Thursday, October 23, 2008

Murder, Prison, Masked Guys with Baseball Bats

Pic1: Murder in Soyapango

I promise, the next post, I will have some happy images and stories. I promise. There really is a lot of beauty and wonder in El Salvador. I love the people, and pretty much everything about the country. But when I want information, I don’t want to see what's obvious. I want to see what's under the surface.

Today our tour of El Salvador takes us through a couple of exotic locals. The first was a murder in Soyapango. There was another fairly spectacular murder(s) a couple of days ago, but I don't have the pictures for that handy. Trust me, you're lucky. It's easy enough to describe, however, but instead, I prefer a riddle similar to that the goddess Hera asked of Oedipus (who solved it):
"Which creature in the morning goes on four feet, at noon on two, and in the evening upon three? "
Well, the answer to this classic riddle is "man". There is an El Salvadoran version, however:
"What in the morning walks on two feet, at noon doesn't walk at all, and then in the evening, uh, is missing an appendage?"
The answer to that, of course, is "a woman decapitated by a gang". The other morning, they found a bag containing a body in the city, without the head. Then, a few blocks away, they found a head in another bag. But here's the kicker: they don't match! They're from different bodies. Oops. Still no word on either one.
Anyway, I continue to document my personal problem with parents bringing their kids to murder scenes, like this one in Soyapango. This woman was shot in front of a school in the middle of the day.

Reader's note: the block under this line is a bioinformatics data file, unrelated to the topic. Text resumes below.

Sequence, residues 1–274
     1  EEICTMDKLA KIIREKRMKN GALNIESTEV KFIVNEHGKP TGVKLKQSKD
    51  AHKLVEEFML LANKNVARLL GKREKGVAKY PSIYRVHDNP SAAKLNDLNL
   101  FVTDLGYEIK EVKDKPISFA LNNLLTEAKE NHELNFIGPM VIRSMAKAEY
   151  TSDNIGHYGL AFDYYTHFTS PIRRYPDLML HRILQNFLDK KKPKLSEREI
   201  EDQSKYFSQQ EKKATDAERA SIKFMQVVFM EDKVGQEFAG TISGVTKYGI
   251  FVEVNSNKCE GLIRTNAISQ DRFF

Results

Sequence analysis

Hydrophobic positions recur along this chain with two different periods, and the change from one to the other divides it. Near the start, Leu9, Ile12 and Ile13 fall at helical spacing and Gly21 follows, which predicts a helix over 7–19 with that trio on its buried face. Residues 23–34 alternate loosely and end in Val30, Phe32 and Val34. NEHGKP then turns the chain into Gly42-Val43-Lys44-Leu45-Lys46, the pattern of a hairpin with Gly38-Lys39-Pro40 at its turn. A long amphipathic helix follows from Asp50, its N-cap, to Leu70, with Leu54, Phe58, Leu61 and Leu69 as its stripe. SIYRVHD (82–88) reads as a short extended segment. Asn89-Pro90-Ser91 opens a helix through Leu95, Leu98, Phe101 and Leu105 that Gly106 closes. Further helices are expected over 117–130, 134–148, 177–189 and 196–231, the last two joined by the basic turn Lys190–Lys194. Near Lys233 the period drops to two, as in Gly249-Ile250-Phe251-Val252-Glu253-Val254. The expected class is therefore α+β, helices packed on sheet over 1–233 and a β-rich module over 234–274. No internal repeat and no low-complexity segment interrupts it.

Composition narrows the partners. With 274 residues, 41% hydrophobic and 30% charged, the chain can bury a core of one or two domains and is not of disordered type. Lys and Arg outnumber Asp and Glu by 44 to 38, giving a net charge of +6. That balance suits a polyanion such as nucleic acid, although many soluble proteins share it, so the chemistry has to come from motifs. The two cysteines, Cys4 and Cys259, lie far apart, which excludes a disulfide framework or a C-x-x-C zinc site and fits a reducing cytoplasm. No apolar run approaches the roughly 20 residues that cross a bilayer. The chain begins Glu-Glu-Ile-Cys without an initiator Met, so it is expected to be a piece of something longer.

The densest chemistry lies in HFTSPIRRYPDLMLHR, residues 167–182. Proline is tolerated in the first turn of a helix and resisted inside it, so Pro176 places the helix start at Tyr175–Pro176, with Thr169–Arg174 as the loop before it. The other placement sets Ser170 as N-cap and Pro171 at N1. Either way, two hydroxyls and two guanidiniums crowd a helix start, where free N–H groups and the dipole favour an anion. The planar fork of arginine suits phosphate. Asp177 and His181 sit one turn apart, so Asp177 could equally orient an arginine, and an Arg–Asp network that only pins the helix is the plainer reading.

Pic2: Josie, Mariona Prison
This was in Mariona prison, locally known as "Miami", at some total bullshit event for the press to show they care about the inmates. Anyway, this inmate, "Josie", wanted to show me his tattoos. He also has three teardrops on his face (he's killed three people, at least). When I asked him about his face tattoos and what they meant, he smiled at me and said "I've been bad". They provided water and refreshments for the press, and many of the inmates asked me for a bag of water (in El Salvador, water is often sold in 500ml sealed bags). They said the water in the prison is very contaminated, and they couldn’t remember what fresh water tasted like. After really seeing the inside of the prison, I am very confident I will never, ever, break the law again.

Pic3: Inmate, Mariona Prison
Here's another inmate at Mariona behind an isolation door.

Pic4: Street Vendor at Protest, San Salvador
Yes, the vendedores are up to their old tricks, and they aren't happy. This time, the city municipal police (CAM), tore down their stalls in the middle of the night in front of the Maternity Hospital. Now, I'm going to be honest here: the press was really, really looking forward to the vendors mixing it up with the police. Things have been boring here (relatively speaking, of course) since the last time they tore things up in El Centro, and nothing makes the news like an old fashioned riot. Fortunately, cooler heads prevailed and things were calm.

Pic5: Street Vendors destroying police barricades
Well, things weren't totally calm. The police had set up barriers to prevent the vendors from protesting; these barriers were against the law, and city workers helped the vendors destroy them. They burned a few tires afterward, but no one was hurt, and nothing much happened. The city has been pushing hard, however, to clear the vendors out of certain parts of the city, and the vendors are steadily losing patience.

1 comment:

Kadmiel said...

i mean what can u really say im just commentless and speachless